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Camille Cosby is a victim too

Bill Cosby arrives for his sexual assault trial with his wife Camille Cosby at the Montgomery County Courthouse in Norristown, Pa., Monday, June 12, 2017.

Bill Cosby arrives for his sexual assault trial with his wife Camille Cosby at the Montgomery County Courthouse in Norristown, Pa., Monday, June 12, 2017. (AP Photo/Matt Rourke)

I’ve read Camille Cosby’s blistering statement blaming the media, racism, politics and the criminal justice system for her husband’s sexual assault conviction, and I’ve seen the backlash against her.

While I believe Bill Cosby’s own actions are ultimately to blame for his conviction, I also believe Camille Cosby has the right to speak her mind.

That’s why I would caution those who have cast Camille Cosby as a villain in this real-life drama.

You can’t have it both ways.

You can’t tell us that we must believe the victims in the Cosby case, and in the next breath disregard the pain of the biggest victim of all – Camille Cosby.

Each time her husband brought women into their homes, or into hotel rooms, or into places where they should never have been, Camille Cosby was victimized. She was victimized by a husband whose greatest loyalty was to himself. She was victimized in spite of the vows they made to one another, in spite of the children they’d raised together, in spite of the career she’d helped him to build.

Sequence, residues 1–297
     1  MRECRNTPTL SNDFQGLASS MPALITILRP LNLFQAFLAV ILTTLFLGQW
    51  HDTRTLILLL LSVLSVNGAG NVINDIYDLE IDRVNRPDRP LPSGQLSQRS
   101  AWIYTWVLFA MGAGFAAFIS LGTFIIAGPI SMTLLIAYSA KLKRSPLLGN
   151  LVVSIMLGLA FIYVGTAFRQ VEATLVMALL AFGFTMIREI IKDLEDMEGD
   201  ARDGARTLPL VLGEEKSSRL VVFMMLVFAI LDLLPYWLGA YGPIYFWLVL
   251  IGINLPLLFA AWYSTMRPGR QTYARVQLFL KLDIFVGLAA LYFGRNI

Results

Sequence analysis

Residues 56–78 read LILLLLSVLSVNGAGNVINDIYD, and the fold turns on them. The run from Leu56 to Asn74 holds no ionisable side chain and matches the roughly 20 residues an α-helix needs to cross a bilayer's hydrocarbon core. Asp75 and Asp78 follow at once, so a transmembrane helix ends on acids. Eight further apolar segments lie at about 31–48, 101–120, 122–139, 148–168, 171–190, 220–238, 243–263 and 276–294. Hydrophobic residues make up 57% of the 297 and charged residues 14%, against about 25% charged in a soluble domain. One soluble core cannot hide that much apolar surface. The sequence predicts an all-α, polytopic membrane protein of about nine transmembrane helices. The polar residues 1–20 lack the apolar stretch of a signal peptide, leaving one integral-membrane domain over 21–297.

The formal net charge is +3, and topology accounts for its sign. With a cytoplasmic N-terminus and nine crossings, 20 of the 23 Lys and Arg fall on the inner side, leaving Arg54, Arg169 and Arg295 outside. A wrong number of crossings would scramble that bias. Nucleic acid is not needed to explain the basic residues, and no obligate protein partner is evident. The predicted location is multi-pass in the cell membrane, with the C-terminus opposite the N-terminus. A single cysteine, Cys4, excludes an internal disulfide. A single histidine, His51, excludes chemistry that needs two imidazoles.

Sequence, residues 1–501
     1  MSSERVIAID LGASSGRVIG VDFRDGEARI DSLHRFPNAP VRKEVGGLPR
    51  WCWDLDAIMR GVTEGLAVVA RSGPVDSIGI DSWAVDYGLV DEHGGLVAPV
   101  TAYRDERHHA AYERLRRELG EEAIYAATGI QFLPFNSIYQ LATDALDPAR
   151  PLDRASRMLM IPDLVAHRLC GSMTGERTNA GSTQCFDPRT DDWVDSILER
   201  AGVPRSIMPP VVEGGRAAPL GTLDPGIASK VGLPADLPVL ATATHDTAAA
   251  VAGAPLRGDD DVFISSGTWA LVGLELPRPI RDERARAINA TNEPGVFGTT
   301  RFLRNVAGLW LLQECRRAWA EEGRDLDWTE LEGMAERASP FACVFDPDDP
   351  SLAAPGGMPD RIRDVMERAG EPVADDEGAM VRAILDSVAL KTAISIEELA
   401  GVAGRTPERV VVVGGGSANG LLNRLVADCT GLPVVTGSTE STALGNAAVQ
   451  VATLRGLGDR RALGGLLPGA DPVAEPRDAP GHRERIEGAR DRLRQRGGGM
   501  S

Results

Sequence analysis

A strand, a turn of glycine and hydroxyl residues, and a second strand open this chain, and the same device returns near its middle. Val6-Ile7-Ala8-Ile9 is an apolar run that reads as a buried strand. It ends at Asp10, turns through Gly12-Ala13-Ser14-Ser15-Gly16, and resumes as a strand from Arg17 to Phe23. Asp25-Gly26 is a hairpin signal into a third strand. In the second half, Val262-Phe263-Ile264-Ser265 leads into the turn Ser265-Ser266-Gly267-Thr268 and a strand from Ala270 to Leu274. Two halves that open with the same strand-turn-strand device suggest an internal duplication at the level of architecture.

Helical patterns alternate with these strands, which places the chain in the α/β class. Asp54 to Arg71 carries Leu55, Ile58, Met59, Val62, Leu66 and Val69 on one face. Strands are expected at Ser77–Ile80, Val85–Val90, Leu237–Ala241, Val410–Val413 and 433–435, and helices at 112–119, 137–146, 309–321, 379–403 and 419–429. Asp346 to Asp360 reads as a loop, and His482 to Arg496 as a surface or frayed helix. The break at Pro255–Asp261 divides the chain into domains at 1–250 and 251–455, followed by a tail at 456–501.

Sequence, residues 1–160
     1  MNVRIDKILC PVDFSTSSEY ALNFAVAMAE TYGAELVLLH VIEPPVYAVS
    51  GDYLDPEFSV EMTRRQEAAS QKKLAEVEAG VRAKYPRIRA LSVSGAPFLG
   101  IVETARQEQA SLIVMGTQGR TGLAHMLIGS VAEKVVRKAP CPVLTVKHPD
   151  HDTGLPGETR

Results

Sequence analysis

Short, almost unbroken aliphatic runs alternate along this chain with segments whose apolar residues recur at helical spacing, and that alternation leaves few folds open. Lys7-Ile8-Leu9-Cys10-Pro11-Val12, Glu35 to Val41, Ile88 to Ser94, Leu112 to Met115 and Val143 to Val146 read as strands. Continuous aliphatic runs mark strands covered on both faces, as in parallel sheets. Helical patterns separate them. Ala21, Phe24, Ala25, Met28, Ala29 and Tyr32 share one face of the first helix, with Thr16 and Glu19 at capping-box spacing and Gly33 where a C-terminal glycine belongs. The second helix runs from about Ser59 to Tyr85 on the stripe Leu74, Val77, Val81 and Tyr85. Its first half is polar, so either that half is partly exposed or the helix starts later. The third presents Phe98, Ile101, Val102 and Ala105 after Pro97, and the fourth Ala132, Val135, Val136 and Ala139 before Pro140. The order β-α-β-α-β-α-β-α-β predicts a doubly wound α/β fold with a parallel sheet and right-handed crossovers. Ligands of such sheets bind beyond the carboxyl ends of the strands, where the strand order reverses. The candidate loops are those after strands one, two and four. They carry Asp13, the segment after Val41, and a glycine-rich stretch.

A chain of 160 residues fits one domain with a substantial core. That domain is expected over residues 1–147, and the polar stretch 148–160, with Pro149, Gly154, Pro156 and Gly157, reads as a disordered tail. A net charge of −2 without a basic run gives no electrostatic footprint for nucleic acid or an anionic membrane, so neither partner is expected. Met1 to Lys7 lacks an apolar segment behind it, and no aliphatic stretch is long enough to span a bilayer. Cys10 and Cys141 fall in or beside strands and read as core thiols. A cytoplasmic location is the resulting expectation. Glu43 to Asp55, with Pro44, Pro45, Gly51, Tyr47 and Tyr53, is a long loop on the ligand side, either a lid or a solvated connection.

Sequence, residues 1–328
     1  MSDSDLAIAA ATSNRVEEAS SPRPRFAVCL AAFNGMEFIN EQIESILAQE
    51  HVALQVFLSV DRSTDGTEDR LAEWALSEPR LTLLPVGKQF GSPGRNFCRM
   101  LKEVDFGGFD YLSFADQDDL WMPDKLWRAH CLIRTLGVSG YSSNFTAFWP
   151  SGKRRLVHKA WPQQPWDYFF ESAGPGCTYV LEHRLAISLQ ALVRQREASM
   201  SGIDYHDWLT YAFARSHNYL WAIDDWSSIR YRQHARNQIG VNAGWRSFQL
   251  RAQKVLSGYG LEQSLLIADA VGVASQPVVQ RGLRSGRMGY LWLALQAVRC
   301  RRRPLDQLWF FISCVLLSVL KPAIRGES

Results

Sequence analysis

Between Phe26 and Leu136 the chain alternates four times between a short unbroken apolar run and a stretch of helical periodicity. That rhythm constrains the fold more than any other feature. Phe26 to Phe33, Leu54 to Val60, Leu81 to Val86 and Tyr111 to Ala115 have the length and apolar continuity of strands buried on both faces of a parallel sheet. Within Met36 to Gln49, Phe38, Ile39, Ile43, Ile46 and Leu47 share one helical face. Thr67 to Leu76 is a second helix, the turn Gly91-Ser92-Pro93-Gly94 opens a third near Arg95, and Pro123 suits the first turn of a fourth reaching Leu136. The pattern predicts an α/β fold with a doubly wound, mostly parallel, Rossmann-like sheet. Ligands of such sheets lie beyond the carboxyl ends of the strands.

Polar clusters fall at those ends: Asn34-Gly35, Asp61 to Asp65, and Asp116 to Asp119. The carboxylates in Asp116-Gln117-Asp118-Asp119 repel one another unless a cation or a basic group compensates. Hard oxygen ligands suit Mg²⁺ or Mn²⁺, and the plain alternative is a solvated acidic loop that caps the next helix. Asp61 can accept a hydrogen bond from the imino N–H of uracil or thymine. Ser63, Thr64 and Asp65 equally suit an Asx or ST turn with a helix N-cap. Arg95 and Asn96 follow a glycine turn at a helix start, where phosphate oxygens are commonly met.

So when Camille Cosby releases a statement that accuses the media of a “frenzied, relentless demonization” of her husband, don’t say she’s lost touch with reality. Believe the victim. When she says “our justice system utterly and routinely fail[s] to protect African Americans falsely accused in so-called courts of law,” don’t say she’s off-target. Believe the victim. When she says not all accusers are truthful, don’t criticize her comparisons. Believe the victim.

Because you can’t have it both ways.

You can’t tell us that we are dismissing the voices of black women in the Cosby case while at the same dismissing Camille. You can’t tell us that the cries of women are silenced while demanding silence from Camille. You can’t say that race has no role in this case and discount the words of Camille.

You simply can’t have it both ways.

Camille Cosby says Montgomery County District Attorney Kevin Steele ran for office on the promise of convicting her husband. That’s true. Camille Cosby says her husband had performances cancelled and honorary degrees rescinded before the trial even started. That’s true. She said Emmitt Till’s accuser took decades to admit that she’d lied when she said the 14-year-old sexually assaulted her in 1955. That’s true.

And yet Camille is demonized for telling those truths, when I thought we were believing the victims.

And make no mistake. Camille has been victimized more than anyone in this case.

Each time another woman came forward, that woman represented another broken promise by her husband. Each time another woman came forward, that woman represented another betrayal by her husband. Each time another woman came forward, that woman represented another wound from her husband.

So Camille was victimized at least 60 times, and now I believe she is grieving.

Denial’s a big part of grieving. Depression’s a symptom of grieving. Anger and bargaining are both in her statement. And I think it’s tied to grieving.

But until she reaches the stage of acceptance, remember that she is a victim. She hasn’t raped anyone. She isn’t guilty of a crime. She’s simply a wife who’s been betrayed.

And if she says that race and politics played roles in her husband’s conviction, maybe we should do what we did for Cosby’s accusers.

Maybe we should believe the victim.

Listen to Solomon Jones weekdays 10 to Noon on Praise 107.9 FM

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